We have a 30 gallon tank filled with "rescued" feeder fish. They get quite large and develop very distinct personalities - which endeared them to The Bearded One as well as to their technical owner, Ms. Flippers. The fish (all 13 of them) would greet The Bearded One as he got his coat and hat each morning, begging for "just a pinch of food!" so that they wouldn't starve before Ms. Flippers got up 2 hours later. Christmas Eve morning they were JUST FINE and eating well and the chemistry in the tank was JUST FINE. By dinner time on Christmas Eve I noticed dead fish stuck to the filter intake. The pH of the tank had plummeted (yes, it was buffered). "The heck with raising the pH by 0.2 per day!" said Ms. Flippers, "This is a matter of life and death." And it was. We were checking pH every 1/2 hour and bringing the pH up as gradually as we dared. By the time I left for church we had only 4 fish left - Ms. Flippers and I held a short service for the lost under the Avocado Tree when I got home. By this time fin crud had showed up and antibiotic treatment was begun. In the end we managed to save two of the fish.
By comaparison to Christmas Eve, Christmas Day was completely relaxing. Following "The Longest Christmas Eve Church Service in Recorded History" (see Guiness Book), I just fell into bed exhausted from all of that singing including that which was done in the dark when the choir loft lights were turned off. I'm sure that the long suffering choir director found it enchanting as well. Luckily the next morning The Bearded One had handled all of the Christmas Stockings, lighting the completely un-necessary fireplace (because the morning was already over 60 degrees) and feeding and watering the cats. At 8 AM we gave the first of the wakeup calls - to kids who eventually rolled out of bed between 9:30 and 10 AM. This had allowed The Bearded One and I leisurely showers, a couple of pots of coffee and breakfast.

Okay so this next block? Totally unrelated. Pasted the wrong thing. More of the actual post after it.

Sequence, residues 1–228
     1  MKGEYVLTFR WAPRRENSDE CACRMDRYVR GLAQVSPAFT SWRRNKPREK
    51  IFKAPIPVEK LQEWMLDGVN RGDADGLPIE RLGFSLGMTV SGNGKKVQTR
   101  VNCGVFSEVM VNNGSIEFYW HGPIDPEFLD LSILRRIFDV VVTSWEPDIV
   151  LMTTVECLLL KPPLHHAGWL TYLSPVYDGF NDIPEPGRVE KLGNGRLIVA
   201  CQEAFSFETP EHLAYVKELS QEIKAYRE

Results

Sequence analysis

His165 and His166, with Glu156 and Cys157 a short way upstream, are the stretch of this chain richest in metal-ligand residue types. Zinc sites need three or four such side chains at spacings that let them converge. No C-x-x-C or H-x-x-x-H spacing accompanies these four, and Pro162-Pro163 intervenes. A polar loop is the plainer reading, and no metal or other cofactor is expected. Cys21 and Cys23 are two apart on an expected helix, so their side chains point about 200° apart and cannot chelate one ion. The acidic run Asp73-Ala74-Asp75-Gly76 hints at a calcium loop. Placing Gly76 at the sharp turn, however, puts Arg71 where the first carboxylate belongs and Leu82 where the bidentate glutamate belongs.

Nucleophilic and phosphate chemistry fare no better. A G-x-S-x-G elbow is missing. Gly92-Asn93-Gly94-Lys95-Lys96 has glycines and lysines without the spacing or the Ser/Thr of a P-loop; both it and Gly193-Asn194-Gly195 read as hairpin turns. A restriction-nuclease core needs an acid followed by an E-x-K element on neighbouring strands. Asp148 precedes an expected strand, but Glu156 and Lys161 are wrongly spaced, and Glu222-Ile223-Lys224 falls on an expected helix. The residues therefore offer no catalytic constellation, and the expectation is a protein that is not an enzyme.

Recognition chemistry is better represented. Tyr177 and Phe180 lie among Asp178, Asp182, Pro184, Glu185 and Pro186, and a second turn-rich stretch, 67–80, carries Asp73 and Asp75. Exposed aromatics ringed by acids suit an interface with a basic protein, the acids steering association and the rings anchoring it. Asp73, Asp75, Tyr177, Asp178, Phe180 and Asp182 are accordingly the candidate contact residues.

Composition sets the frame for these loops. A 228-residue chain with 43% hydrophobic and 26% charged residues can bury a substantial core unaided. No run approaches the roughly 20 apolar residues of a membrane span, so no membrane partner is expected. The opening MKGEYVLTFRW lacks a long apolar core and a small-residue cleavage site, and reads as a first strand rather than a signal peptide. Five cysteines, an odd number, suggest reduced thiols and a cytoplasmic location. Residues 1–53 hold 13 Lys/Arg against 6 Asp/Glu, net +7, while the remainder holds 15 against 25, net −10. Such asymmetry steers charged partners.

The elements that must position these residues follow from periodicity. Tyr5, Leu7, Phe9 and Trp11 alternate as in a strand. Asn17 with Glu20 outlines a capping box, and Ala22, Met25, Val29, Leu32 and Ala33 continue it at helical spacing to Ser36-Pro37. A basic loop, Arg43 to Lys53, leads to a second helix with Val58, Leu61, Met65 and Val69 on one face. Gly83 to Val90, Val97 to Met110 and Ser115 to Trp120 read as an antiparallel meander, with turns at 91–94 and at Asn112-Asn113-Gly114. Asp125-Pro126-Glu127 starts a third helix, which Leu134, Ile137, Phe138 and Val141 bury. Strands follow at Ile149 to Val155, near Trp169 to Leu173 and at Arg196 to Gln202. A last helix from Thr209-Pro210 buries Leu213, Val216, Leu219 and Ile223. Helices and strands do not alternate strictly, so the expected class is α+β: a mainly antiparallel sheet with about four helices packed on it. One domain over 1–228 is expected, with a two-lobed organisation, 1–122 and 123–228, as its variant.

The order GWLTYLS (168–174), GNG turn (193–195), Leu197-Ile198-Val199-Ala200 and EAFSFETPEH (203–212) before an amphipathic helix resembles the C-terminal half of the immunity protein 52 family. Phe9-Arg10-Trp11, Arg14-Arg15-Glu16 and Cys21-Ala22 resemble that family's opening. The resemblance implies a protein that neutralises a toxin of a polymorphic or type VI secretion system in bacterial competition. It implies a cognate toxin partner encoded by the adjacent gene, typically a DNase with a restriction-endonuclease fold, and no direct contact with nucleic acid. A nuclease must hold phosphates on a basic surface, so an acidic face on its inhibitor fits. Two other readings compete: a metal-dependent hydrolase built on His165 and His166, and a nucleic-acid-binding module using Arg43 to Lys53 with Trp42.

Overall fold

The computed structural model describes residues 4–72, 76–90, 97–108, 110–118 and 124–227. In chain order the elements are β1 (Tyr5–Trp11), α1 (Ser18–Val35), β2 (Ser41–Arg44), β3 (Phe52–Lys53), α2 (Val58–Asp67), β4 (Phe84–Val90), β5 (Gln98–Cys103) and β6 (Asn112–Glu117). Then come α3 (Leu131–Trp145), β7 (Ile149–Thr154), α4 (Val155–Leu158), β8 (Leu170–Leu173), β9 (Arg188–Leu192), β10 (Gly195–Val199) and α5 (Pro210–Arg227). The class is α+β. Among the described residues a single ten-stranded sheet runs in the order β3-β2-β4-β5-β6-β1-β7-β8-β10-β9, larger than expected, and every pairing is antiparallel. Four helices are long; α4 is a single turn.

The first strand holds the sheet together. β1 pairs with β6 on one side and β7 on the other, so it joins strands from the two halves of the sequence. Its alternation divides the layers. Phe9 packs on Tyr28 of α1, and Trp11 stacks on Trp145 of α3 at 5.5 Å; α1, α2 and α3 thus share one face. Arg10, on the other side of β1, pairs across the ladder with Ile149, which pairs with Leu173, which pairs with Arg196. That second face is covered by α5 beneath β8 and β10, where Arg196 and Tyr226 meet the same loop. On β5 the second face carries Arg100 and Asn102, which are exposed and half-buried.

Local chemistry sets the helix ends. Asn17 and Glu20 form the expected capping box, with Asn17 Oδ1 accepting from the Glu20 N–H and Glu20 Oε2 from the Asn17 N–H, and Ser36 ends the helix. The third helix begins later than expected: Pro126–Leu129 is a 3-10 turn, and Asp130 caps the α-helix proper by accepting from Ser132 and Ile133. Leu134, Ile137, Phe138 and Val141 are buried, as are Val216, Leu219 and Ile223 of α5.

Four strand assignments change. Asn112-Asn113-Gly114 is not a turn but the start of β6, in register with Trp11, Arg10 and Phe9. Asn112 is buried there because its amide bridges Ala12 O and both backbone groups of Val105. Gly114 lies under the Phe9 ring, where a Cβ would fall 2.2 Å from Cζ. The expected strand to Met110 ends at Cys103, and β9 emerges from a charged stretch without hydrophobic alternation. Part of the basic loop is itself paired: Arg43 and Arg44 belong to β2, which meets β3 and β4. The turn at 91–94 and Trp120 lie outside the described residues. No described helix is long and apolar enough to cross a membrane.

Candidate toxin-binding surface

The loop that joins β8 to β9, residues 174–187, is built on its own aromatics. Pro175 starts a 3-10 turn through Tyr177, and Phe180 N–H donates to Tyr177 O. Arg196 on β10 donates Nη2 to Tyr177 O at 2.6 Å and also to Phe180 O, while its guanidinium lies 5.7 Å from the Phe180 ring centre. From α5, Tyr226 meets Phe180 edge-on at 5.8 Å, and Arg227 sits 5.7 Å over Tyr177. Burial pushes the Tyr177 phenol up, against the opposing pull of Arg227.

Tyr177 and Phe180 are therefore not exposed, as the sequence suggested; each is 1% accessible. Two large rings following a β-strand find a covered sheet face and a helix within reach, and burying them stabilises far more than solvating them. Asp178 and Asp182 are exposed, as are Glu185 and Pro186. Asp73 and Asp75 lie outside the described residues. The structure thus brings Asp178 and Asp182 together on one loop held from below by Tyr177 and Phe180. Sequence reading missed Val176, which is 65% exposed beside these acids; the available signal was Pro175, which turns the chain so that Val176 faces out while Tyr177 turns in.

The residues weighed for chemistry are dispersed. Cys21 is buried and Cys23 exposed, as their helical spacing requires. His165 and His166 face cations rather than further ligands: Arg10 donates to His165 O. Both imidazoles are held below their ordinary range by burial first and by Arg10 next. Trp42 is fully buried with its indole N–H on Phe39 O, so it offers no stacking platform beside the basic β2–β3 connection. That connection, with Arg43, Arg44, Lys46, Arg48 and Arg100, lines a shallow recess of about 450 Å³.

Following presents I put on my "farming clothes" and spend the rest of the day weeding and transplanting and fertilizing and such in my vegetable garden. I LOVE to muck around in the dirt (and by the time I was done with parts of it, mud).
This was followed by a steak dinner and a Snooze on the couch.
I have made a list of all of the things that we avoided by having a quiet, "just the four of us" Christmas:
- rushing presents by getting young adults up before they have slept their fill (even worse than having a cranky toddler)
- dinner guests who arrive a) too early or b) too late (worse)
- whiny overtired, overexcited, oversugared kids
- complaints about the selection of food for the dinner
- arguments about HOW TO COOK certain foods
- at least one drunken relative
- repeatedly biting my tongue so that I have to eventually find laundry that needs doing NOW. YES, I MEAN NOW!
Yes, the two surviving fish are still doing well.